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dc.contributor.authorSchwarz, Maria
dc.contributor.authorCoccetti, Anne
dc.contributor.authorMurdoch, Allison
dc.contributor.authorCardell, Elizabeth
dc.date.accessioned2019-05-29T13:02:07Z
dc.date.available2019-05-29T13:02:07Z
dc.date.issued2018
dc.identifier.issn0962-1067
dc.identifier.doi10.1111/jocn.13922
dc.identifier.urihttp://hdl.handle.net/10072/376410
dc.description.abstractAims and objectives To determine presence of clinical complications related to dysphagia and to explore their operational outcomes. Background: Dysphagia is a common complication of stroke. The management of poststroke dysphagia is multidisciplinary with nurses playing a key role in screening for dysphagia risk, monitoring tolerance of food and fluids and checking for the development of complications such as fever, dehydration and change in medical status. Dysphagia often results in further complications including aspiration pneumonia and the need for nasogastric feeding. Dysphagia‐related complications have been shown to have a significant impact on morbidity and mortality, length of stay and cost of admission. Design: Retrospective cohort study. Methods: A total of 110 patients presenting with an ischaemic stroke were chart‐audited. Results: Aspiration pneumonia poststroke was found to be significantly associated with increased overall length of stay, poorer functional outcomes poststroke as well as being associated with a high risk of mortality. The presence of a nasogastric tube was also associated with reduced functional outcomes poststroke and increased risk of death. Conclusion: High prevalence and cost of complications associated with stroke highlight the complexity of providing nursing and allied health care to this patient population. This provides a snapshot of dysphagia‐related complications experienced by stroke patients. Relevance to clinical practice: This paper highlights that poststroke complications can significantly impact on patient outcomes and operational factors such as cost of admission; therefore, poststroke care requires a multidisciplinary approach to management. Furthermore, preventing and managing complications poststroke is a key element of nursing care and has the potential to significantly reduce incidence of mortality, length of stay and cost of hospital admission.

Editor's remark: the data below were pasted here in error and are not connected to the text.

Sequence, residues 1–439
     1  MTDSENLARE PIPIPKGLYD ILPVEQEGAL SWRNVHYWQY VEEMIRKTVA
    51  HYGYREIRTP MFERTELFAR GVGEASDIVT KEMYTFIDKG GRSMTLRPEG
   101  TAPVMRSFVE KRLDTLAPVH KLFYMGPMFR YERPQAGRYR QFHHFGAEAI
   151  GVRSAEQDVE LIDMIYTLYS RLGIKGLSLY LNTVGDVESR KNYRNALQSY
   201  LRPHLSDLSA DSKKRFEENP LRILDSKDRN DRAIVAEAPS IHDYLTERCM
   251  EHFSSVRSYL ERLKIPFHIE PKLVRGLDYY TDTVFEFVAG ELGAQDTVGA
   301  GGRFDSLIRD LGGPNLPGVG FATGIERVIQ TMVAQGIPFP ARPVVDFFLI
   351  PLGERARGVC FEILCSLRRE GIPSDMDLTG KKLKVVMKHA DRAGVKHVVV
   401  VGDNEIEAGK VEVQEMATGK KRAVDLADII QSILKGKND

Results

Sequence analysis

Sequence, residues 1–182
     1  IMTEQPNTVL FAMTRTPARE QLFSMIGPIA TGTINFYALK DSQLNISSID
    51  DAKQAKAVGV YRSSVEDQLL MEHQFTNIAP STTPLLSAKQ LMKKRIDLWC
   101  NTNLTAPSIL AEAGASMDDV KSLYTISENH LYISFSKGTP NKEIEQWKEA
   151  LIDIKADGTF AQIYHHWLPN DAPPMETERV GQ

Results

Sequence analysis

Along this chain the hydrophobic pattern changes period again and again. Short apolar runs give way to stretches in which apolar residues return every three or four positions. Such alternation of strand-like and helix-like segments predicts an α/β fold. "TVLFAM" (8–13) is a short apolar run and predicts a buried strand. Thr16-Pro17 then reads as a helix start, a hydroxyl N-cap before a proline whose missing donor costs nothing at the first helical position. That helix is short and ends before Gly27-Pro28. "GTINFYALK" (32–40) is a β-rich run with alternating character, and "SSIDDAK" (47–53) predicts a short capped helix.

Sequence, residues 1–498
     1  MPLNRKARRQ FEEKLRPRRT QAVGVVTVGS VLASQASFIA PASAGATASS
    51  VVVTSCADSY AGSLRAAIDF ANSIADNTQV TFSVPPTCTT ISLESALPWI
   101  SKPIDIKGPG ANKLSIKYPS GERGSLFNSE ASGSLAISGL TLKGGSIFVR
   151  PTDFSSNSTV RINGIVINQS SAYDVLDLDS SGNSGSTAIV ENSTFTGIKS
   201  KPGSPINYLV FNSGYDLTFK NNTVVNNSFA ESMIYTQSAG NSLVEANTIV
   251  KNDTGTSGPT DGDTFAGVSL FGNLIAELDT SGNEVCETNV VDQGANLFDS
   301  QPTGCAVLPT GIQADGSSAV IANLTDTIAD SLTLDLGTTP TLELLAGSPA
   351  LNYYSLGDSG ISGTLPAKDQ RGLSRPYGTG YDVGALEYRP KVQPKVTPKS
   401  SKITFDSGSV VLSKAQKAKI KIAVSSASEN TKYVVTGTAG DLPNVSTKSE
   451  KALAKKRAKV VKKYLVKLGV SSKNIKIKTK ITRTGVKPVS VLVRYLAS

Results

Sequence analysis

dc.description.peerreviewedYes
dc.languageEnglish
dc.language.isoeng
dc.publisherWiley-Blackwell Publishing
dc.publisher.placeUnited Kingdom
dc.relation.ispartofpagefrome235
dc.relation.ispartofpagetoe241
dc.relation.ispartofissue1-2
dc.relation.ispartofjournalJournal of Clinical Nursing
dc.relation.ispartofvolume27
dc.subject.fieldofresearchNursing
dc.subject.fieldofresearchHealth services and systems
dc.subject.fieldofresearchPublic health
dc.subject.fieldofresearchPsychology
dc.subject.fieldofresearchcode4205
dc.subject.fieldofresearchcode4203
dc.subject.fieldofresearchcode4206
dc.subject.fieldofresearchcode52
dc.titleThe impact of aspiration pneumonia and nasogastric feeding on clinical outcomes in stroke patients: A retrospective cohort study
dc.typeJournal article
dc.type.descriptionC1 - Articles
dc.type.codeC - Journal Articles
gro.hasfulltextNo Full Text
gro.griffith.authorCardell, Elizabeth A.


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